The weather has cooled and the nights are drawing in. Summer is officially over and autumn has arrived. Another month is also over, which means it’s time for another wrap up.
It’s been a fantastic month. I’ve read 17 books in total, which includes one audiobook, and I’m part way through two other audiobooks. I’ve read some outstanding books and discovered some new authors I’ll definitely read again.
I also took part in 14 blog tours, 4 readalongs and the Tasting Notes Book Club. I was excited to take part in my first author Q&As. The first was a private Zoom with Cecelia Ahern and other bloggers, and the other was my first over Instagram Live. Courtesy of One More Chapter I took part in a Q&A with Annie Lyons. I’m so grateful to have these opportunities and still can’t believe I’m able to talk with authors I’ve loved for years.
With so many great books, it’s not easy to choose a favourite. But Eudora Honeysett is Quite Well, Thank You was such a standout read that it ended up making the choice easy. I loved it so much that it is even a contender for book of the year.
If you want to read my reviews for what I read in September, then click on the title and it will take you to my review (unless it’s one of the ones I’ve not written yet lol).
Did we read any of the same books this month? What was your favourite book in September? Let me know in the comments.
*Thank you to the publushers for my gifted copies of the books.
Happy Publication Day to this gorgeous book. Thank you to Alara at Headline for the invitation to take part in the blog tour and my gifted copy of the book.
A heart-warming and uplifting story about love, loss and finding the strength to say goodbye, from the author of The First Time I Saw You.
Perfect for fans of Jojo Moyes and Cecelia Ahern, If I Could Say Goodbye is sure to ‘break your heart but put it back together again’ (Katie Fforde)
Jennifer Jones’ life began when her little sister, Kerry, was born. So when her sister dies in a tragic accident, nothing seems to make sense any more.
Despite the support of her husband, Ed, and their wonderful children, Jen can’t comprehend why she is still here, while bright, spirited Kerry is not.
When Jen starts to lose herself in her memories of her sister, she doesn’t realise that the closer she feels to Kerry, the further she gets from her family.
Jen was never able to say goodbye to her sister. But what if she could?
Would you risk everything if you had the chance to say goodbye?
If I Could Say Goodbye is a heartwarming exploration of grief, moving on and learning to live again after loss that also examines how mental health is affected by trauma, loss and guilt, this book was a surprising balm for my soul.
When Jen’s sister Kerry is killed after being hit by a car, she not only loses her sister, but her best friend too. The pair were inseparable. Her grief is further magnified by the guilt she feels as Kerry died after pushing her out of the way of the car. Jen feels she should have been the one to die that day and can’t come to terms with why she was spared instead of the sister she adored. As she descends deeper into her grief, those around her watch helplessly as they wonder if Jen will ever find the strength to let go, move on and live life without her sister by her side.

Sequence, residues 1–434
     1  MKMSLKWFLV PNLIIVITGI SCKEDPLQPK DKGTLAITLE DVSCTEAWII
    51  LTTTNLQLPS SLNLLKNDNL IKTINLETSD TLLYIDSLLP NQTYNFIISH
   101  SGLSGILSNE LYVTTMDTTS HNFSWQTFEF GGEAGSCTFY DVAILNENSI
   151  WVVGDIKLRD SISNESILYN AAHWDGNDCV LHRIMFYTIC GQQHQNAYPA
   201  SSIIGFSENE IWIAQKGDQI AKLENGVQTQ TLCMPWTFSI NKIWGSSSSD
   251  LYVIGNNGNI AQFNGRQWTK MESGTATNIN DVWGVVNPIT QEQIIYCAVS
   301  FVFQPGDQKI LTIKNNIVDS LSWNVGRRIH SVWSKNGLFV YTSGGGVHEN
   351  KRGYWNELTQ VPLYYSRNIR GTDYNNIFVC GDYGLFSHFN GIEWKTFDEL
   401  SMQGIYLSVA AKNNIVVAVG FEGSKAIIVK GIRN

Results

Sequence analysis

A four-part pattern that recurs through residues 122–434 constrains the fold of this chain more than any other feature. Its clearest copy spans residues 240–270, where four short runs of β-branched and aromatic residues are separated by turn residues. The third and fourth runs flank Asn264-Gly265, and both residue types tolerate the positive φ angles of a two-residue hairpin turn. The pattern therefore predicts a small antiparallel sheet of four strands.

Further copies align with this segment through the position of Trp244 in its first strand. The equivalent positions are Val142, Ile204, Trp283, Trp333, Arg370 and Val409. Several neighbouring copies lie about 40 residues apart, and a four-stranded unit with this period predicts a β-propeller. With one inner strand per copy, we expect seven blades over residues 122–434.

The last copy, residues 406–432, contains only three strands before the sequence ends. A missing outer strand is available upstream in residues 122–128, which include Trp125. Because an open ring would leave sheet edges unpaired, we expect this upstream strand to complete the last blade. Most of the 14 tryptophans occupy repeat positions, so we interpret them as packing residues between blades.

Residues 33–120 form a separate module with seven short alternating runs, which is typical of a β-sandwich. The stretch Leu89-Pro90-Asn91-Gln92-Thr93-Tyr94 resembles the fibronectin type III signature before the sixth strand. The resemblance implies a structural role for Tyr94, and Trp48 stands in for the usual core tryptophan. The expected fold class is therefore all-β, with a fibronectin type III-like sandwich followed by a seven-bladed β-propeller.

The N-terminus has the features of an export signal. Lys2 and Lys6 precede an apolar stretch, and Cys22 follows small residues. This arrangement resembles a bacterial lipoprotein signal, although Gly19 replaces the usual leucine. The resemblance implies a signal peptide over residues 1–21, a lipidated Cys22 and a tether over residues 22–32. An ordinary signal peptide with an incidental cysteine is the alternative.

This was so beautifully written. Intricate, layered and moving, the overwhelming sense of loss is palpable, emanating from every page. But with exquisite skill, the author has laced the poignant prose with humour that lightens the heavy subject matter. The characters were relatable, likeable and richly drawn and the story took me on a journey I didn’t expect as Jen’s mental health began to deteriorate. I found I saw a lot of myself in Jen and could relate to her guilt over not doing more to save a loved one and her spiraling mental health that ultimately led to breakdown. The author captures perfectly the feeling of knowing you’re going over the edge and breaking but also being unable to stop it. But the character who broke me was Ed, for in him I saw my partner and for the first time truly felt like I understood how it was for him when I was at my lowest points. I felt like I was living every moment beside these characters and was completely absorbed and invested in their lives.
Powerful, immersive, heart-wrenching and hopeful, this is one of those books that simply needs to be experienced. So, please read it. Just make sure you’ve got some tissues nearby when you do. I’m now off to buy Emma Cooper’s back catalogue…
MEET THE AUTHOR:
Emma Cooper is a former teaching assistant, who lives in Shropshire, with her partner and four children. Her spare time consists of writing novels, drinking wine and watching box-sets with her partner of twenty-four years, who still makes her smile every day.
Her debut, The Songs of Us was snapped up in multiple pre-empts and auctions and is now being translated into seven different languages.
Emma has always wanted to be a writer – ever since her childhood, she’s been inventing characters (her favourite being her imaginary friend ‘Boot’) and is thrilled that she now gets to use this imagination to bring to life all of her creations.
The Songs of Us was inspired by Emma’s love of music and her ability to almost always embarrass herself, and her children, in the most mundane of situations. She was so fascinated by the idea of combining the two, that she began to write Melody’s story. Working full-time with a large family meant that Emma had to steal snippets of ‘spare’ time from her already chaotic and disorganised life; the majority of her novel was written during her lunchtime in a tiny school office. She never expected to fall so deeply in love with the King family and is overwhelmed that others feel the same.
She has three loves in life: reading, writing and her family…oh, and music, cheese, pizza, films – Maths is not one of her talents.